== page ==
the blarney of St. Paddy

If you read this blog, you know how much I’m enamored of mythology and how easy it is to trace just about all Christian myths to more ancient sources.
It’s St. Patrick’s Day, and you might not know that the purported St. Patrick was born in Scotland of two Roman parents, which makes him actually Italian.
It’s St. Patrick’s Day, and the following statements are excerpted from here:

Today we raise a glass of warm green beer to a fine fellow, the Irishman who didn’t rid the land of snakes, didn’t compare the Trinity to the shamrock, and wasn’t even Irish. St. Patrick, who died 1,507, 1,539, or 1,540 years ago today—depending on which unreliable source you want to believe—has been adorned with centuries of Irish blarney. Innumerable folk tales recount how he faced down kings, negotiated with God, tricked and slaughtered Ireland’s reptiles.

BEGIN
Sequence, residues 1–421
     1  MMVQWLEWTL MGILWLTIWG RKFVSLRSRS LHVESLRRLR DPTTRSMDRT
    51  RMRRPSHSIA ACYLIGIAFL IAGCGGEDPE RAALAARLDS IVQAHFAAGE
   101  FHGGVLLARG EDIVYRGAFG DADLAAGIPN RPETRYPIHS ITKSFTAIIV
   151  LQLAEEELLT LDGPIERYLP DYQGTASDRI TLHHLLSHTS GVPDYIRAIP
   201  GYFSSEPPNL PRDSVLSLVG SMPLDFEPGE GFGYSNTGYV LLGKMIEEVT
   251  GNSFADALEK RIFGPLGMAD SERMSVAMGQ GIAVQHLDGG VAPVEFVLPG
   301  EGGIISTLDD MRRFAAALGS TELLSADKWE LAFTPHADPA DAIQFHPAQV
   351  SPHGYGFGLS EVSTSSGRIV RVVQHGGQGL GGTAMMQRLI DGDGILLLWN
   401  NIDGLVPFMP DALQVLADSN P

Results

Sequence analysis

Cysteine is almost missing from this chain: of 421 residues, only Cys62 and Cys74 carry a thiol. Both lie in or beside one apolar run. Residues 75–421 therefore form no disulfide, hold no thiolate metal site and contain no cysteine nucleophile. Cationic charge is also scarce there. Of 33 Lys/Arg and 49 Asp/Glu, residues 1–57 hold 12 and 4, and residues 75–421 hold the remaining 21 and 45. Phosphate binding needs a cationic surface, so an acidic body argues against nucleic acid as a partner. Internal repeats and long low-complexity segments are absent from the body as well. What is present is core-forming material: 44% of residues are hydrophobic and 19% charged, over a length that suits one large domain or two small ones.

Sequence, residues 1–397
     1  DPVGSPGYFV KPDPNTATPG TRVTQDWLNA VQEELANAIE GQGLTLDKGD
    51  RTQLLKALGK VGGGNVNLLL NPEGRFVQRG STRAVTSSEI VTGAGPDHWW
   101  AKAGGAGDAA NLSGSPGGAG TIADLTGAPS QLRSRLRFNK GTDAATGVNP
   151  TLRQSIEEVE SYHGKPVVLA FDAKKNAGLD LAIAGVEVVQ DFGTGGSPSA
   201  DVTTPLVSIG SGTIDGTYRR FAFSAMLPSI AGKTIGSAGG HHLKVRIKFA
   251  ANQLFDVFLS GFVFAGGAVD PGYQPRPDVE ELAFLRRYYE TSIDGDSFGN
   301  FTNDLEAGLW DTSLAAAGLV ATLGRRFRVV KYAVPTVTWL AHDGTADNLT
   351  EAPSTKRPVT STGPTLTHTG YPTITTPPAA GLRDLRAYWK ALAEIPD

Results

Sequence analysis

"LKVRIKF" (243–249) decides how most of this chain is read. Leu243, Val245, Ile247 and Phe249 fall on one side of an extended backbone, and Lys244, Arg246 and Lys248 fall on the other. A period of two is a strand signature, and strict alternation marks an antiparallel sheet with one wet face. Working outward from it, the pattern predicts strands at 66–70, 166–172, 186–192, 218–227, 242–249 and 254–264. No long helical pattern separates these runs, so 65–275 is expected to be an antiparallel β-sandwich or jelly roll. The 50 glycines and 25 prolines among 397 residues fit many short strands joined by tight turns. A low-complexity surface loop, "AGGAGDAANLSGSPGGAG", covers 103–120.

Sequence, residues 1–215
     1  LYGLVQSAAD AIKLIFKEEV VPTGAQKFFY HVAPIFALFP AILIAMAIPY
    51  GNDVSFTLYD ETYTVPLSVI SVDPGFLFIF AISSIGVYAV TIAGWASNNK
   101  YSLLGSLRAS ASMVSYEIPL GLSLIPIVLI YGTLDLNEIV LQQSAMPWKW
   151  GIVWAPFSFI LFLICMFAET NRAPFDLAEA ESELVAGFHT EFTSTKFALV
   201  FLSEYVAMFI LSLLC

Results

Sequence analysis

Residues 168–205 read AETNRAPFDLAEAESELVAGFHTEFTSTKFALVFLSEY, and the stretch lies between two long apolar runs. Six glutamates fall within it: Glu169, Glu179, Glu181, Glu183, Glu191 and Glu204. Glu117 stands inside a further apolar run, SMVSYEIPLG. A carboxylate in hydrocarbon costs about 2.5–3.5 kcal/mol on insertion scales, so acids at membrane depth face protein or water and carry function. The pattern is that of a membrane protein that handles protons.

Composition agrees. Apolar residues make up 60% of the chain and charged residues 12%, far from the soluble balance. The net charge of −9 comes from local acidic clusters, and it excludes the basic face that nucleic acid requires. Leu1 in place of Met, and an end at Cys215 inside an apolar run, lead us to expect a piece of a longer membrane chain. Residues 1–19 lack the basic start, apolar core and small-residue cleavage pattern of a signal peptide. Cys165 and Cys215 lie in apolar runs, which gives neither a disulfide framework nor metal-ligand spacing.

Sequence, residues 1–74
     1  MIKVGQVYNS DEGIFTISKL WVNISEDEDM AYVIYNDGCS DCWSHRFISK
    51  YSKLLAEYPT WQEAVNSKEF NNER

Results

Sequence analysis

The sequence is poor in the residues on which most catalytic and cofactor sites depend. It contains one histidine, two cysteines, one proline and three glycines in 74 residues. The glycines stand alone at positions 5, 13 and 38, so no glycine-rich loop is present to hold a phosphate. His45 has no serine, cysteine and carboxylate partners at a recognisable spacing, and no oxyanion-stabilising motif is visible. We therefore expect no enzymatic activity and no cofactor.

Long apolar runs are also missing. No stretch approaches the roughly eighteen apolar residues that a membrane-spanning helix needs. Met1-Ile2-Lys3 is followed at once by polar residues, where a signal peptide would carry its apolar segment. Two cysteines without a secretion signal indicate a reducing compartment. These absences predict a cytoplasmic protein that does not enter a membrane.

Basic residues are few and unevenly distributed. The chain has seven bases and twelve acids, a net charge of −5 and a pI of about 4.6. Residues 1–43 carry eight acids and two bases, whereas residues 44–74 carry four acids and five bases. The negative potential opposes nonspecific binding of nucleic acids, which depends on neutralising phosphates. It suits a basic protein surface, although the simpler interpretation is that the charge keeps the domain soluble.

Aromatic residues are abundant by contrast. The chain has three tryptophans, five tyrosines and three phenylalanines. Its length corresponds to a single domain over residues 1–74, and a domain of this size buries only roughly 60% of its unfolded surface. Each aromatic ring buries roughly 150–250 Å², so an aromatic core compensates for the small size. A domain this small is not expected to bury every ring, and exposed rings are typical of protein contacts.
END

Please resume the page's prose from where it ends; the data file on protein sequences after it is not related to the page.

New Age Christians revere Patrick as a virtual patron saint. Patrick co-opted Druid symbols in order to undermine the rival religion, fusing nature and magic with Christian practice. The Irish placed a sun at the center of their cross. “St. Patrick’s Breastplate,” Patrick’s famous prayer (which he certainly did not write) invokes the power of the sun, moon, rocks, and wind, as well as God. (This is what is called “Erin go hoo-ha.”)

And, to have some fun with St. Patrick trivia, go here.

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